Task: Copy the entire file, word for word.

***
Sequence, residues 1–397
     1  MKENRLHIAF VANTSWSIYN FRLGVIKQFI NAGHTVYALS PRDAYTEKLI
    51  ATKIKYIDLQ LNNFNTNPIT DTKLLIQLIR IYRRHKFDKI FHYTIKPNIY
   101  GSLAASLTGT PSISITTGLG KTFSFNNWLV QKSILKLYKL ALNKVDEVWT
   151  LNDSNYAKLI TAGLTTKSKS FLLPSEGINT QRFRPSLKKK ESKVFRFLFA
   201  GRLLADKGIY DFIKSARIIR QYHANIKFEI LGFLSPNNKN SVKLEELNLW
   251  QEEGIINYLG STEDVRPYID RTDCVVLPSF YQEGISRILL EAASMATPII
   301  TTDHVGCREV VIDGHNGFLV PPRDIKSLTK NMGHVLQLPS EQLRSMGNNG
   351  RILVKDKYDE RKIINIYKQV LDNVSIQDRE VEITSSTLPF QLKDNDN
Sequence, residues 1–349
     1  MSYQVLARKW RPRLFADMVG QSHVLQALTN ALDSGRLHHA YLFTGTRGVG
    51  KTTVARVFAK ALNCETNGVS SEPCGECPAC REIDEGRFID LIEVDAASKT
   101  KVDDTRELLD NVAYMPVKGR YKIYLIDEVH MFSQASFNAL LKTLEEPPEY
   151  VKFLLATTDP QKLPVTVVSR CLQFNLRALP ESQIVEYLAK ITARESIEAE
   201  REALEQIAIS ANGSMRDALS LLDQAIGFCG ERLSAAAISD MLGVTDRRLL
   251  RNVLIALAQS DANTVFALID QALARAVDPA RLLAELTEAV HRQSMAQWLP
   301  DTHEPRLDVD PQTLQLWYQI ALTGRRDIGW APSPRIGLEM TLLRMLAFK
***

Sequence, residues 1–397
     1  MKENRLHIAF VANTSWSIYN FRLGVIKQFI NAGHTVYALS PRDAYTEKLI
    51  ATKIKYIDLQ LNNFNTNPIT DTKLLIQLIR IYRRHKFDKI FHYTIKPNIY
   101  GSLAASLTGT PSISITTGLG KTFSFNNWLV QKSILKLYKL ALNKVDEVWT
   151  LNDSNYAKLI TAGLTTKSKS FLLPSEGINT QRFRPSLKKK ESKVFRFLFA
   201  GRLLADKGIY DFIKSARIIR QYHANIKFEI LGFLSPNNKN SVKLEELNLW
   251  QEEGIINYLG STEDVRPYID RTDCVVLPSF YQEGISRILL EAASMATPII
   301  TTDHVGCREV VIDGHNGFLV PPRDIKSLTK NMGHVLQLPS EQLRSMGNNG
   351  RILVKDKYDE RKIINIYKQV LDNVSIQDRE VEITSSTLPF QLKDNDN
Sequence, residues 1–349
     1  MSYQVLARKW RPRLFADMVG QSHVLQALTN ALDSGRLHHA YLFTGTRGVG
    51  KTTVARVFAK ALNCETNGVS SEPCGECPAC REIDEGRFID LIEVDAASKT
   101  KVDDTRELLD NVAYMPVKGR YKIYLIDEVH MFSQASFNAL LKTLEEPPEY
   151  VKFLLATTDP QKLPVTVVSR CLQFNLRALP ESQIVEYLAK ITARESIEAE
   201  REALEQIAIS ANGSMRDALS LLDQAIGFCG ERLSAAAISD MLGVTDRRLL
   251  RNVLIALAQS DANTVFALID QALARAVDPA RLLAELTEAV HRQSMAQWLP
   301  DTHEPRLDVD PQTLQLWYQI ALTGRRDIGW APSPRIGLEM TLLRMLAFK